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Hamilton Healthcare System

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prevention Ray’s City Drug

What you can do to

preven nfluenza is the second most frequent cause of death from a vaccine-preventable disease in the United States. While the timing and severity of flu season is unpredictable, there are ways to help prevent infection.

• Get your flu shot! The first Jeff and Nikki Alsabrook, owners • Cindy Kinsey RPh/PIC • David Cleveland RPh

Friendly Faces • Quality Care

Come see us for Christmas gifts and more! 105 E Henry St in Hamilton • (254) 386-3121 Monday - Friday 8 aM - 5:30 pM

Kim Edwards, RN CIC

and most important step to protect Infection Control Employee Health yourself against flu viruses is to get a flu vaccine each year. The Centers for Disease Control (CDC) recommends all persons six months of age or older should get a flu vaccine, idealy before the end of October, or as soon as possible. Flu shots are available at all Hamilton Healthcare System clinics.

• Wash your hands frequently or use alcohol-

based hand sanitizer, especially after touching surfaces that may be contaminated. Viruses can live on surfaces for 24 hours!

• Avoid touching your eyes, nose and mouth. This is how germs spread. • Routinely clean and disinfect frequently


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nt flu Cover Cough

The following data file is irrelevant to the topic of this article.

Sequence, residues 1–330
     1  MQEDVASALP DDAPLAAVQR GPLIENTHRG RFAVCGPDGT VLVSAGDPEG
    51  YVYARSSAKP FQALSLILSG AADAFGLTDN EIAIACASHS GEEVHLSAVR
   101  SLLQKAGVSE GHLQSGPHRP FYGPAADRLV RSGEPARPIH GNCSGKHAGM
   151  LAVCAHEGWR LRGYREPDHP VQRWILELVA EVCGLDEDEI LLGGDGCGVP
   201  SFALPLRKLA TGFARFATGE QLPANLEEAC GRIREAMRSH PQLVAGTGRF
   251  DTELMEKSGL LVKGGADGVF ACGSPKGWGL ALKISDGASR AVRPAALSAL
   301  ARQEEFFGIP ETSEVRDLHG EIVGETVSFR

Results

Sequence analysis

Stop the spread of germs that make you and others sick!


touched objects like doorknobs, keyboards and phones. Viruses can live on surfaces for 24 hours!

• Avoid close contact with people that are sick. • Stay home if you are sick! If you are sick, limit

contact with others to keep from infecting others. Wear a mask around others, if possible. People infected with flu may be able to infect others beginning one day before symptoms develop and up to five to seven days after becoming sick. Stay home until you have been fever free for 24 hours without using fever-reducing medications.

• Cover your nose and mouth if you cough or sneeze. Cough or sneeze into a tissue and

Cover your mouth and nose with a tissue when you cough or sneeze or cough or sneeze into your upper sleeve, not your hands

Put your used tissue in the waste basket.

You may be asked to put on a surgical mask to protect others.

discard it afterward. If a tissue isn't available, cough or sneeze into your inner elbow. Wash your hands often!